In recent years the Top 40 has become a sonically edgier place, thanks in large part to people like Ariel Rechtshaid and Rostam Batmanglij who’ve worked on both sides of the increasingly blurry line between the mainstream and the underground. Rechtshaid got his start playing in ska-punk band before moving on to indie rock with the folk-inflected Foreign Born. Since entering a second-act career as a producer, he’s gone on to work with megastars like Beyoncé, Madonna, Usher and Adele. Batmanglij’s a multi-instrumentalist who recently parted ways with the Pitchfork-beloved Vampire Weekend; he made his debut as a frontman just last weekend, but these days he’s best known as a songwriter/producer for the likes of Charli XCX and Carly Rae Jepsen (who also tapped Rechtshaid for her latest album, Emotion).
It’s rare for musicians to make the long climb from dingy rock clubs to the peaks of the Hot 100 like these guys have, and even rarer to find ones who’ve kept their credibility intact–when they’re not working with pop stars, both continue to collaborate with cult artists like singer-songwriter Cass McCombs (Rechtshaid) and former Walkmen frontman Hamilton Leithauser (Batmanglij). They also shared production duties on Vampire Weekend’s 2013 album, Modern Vampires of the City.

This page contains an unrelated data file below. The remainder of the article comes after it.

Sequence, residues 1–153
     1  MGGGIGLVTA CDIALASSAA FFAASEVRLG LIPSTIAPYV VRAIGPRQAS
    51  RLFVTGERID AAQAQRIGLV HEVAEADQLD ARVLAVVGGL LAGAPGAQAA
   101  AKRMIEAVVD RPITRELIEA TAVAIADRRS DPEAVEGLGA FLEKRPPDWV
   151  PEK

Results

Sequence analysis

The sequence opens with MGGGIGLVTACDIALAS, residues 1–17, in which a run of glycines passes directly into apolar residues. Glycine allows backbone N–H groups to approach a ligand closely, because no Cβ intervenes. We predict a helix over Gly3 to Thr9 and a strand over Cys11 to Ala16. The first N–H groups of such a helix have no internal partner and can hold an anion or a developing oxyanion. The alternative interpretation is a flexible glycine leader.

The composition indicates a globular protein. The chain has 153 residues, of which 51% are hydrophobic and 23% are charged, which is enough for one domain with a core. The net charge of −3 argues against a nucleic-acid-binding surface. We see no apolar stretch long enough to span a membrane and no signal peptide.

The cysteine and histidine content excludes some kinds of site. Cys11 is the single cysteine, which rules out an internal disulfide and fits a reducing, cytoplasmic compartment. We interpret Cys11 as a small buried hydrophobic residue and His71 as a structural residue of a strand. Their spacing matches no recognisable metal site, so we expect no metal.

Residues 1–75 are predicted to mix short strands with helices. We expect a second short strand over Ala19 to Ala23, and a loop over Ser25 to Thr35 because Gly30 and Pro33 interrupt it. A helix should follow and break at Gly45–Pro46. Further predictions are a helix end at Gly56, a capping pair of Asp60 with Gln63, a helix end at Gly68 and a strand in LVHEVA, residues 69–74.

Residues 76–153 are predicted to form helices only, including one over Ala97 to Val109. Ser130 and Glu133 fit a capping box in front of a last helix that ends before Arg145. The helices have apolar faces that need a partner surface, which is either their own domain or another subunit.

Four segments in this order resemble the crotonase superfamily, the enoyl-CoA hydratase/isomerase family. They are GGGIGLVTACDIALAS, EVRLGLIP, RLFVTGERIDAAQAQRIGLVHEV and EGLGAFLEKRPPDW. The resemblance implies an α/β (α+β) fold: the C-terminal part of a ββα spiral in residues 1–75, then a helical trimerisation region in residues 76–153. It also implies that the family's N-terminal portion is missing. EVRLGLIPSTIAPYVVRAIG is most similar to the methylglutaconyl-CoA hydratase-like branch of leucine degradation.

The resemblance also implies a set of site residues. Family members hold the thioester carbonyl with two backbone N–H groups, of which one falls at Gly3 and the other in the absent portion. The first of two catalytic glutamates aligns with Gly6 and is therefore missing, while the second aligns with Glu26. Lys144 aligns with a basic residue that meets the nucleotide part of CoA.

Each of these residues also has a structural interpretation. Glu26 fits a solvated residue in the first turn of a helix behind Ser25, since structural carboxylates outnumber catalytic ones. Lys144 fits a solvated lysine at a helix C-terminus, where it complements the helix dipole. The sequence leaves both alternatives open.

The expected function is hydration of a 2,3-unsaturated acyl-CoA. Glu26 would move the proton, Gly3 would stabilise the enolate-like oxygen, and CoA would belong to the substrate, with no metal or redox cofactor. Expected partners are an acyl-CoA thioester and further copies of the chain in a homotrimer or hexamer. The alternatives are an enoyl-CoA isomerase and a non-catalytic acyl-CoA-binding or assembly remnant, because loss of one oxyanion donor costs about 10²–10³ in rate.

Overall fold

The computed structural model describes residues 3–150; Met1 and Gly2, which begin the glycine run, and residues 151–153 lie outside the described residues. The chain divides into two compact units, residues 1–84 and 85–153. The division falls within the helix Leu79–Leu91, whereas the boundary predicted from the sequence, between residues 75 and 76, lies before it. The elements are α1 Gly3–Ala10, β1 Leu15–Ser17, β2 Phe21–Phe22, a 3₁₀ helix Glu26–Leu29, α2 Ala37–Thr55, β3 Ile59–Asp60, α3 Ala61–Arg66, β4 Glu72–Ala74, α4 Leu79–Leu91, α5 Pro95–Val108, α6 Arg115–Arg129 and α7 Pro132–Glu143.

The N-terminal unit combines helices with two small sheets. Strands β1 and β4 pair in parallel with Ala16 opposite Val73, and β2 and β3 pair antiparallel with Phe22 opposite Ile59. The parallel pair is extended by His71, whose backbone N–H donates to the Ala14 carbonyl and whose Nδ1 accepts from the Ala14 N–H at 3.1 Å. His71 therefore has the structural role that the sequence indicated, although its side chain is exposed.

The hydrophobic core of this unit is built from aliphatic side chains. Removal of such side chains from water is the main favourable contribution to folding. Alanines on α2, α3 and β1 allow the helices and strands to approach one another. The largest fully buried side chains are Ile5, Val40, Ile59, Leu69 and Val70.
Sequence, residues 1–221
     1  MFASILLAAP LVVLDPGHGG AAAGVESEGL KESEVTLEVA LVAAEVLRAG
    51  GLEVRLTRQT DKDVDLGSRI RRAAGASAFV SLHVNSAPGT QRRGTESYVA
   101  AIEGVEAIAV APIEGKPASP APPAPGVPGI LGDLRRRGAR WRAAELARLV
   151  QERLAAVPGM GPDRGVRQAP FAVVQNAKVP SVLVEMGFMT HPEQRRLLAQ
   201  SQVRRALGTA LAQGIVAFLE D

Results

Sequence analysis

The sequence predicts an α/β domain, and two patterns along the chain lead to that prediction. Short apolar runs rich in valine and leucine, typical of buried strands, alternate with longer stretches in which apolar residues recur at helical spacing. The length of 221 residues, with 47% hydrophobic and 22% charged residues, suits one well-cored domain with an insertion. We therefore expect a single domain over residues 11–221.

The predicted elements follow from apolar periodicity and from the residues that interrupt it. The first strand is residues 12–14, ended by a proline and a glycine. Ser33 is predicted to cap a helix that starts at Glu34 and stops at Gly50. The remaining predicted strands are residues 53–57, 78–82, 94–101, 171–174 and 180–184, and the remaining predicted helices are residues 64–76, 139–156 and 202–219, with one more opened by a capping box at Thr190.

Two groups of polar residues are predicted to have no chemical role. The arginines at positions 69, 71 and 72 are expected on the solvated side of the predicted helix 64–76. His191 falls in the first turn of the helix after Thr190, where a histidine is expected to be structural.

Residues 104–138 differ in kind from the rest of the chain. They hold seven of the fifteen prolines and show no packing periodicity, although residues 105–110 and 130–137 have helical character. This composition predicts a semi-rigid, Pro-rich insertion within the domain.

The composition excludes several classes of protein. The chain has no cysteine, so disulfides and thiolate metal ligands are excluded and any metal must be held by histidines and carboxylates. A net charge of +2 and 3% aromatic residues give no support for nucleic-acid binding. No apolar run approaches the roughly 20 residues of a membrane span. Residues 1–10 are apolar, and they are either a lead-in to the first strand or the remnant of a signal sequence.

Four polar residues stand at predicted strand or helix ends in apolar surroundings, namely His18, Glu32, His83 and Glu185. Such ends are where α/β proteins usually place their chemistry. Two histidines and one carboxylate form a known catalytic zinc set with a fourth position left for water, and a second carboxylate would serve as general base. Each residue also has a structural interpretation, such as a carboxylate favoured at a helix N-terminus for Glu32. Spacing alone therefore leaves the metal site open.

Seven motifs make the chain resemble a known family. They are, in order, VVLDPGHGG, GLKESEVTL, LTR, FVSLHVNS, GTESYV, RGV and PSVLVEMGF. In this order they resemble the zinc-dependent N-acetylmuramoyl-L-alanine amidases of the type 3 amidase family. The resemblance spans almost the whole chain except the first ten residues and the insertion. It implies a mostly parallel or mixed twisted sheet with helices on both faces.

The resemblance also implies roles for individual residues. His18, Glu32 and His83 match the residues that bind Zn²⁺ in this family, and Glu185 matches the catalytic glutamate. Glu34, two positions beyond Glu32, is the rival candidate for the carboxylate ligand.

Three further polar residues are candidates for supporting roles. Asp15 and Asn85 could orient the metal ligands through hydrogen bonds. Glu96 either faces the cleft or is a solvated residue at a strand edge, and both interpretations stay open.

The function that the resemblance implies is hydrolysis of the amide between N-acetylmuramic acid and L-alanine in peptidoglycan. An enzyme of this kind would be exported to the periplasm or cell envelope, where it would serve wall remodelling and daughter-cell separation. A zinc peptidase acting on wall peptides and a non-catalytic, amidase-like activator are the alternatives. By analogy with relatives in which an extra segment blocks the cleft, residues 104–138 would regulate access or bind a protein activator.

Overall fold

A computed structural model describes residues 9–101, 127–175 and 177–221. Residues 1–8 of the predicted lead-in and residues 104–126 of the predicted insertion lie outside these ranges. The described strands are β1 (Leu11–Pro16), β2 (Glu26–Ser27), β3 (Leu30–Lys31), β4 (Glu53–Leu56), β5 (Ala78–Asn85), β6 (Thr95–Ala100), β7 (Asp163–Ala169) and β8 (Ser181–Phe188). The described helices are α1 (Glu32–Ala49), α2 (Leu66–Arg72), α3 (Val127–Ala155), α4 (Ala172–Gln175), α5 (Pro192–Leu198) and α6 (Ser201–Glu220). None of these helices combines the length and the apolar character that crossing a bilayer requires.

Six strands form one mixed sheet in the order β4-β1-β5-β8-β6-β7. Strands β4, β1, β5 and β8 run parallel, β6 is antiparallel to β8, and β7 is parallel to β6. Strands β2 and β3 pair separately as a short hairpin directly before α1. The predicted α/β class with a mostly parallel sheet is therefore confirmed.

We got on the phone with Rechtshaid and Batmanglij to talk about their paths from the indie scene to the pop world and the differences—and surprising similarities—between the two.
Is it us, or was there a point when it wasn’t really accepted in indie-rock circles to be interested in what was happening on pop radio?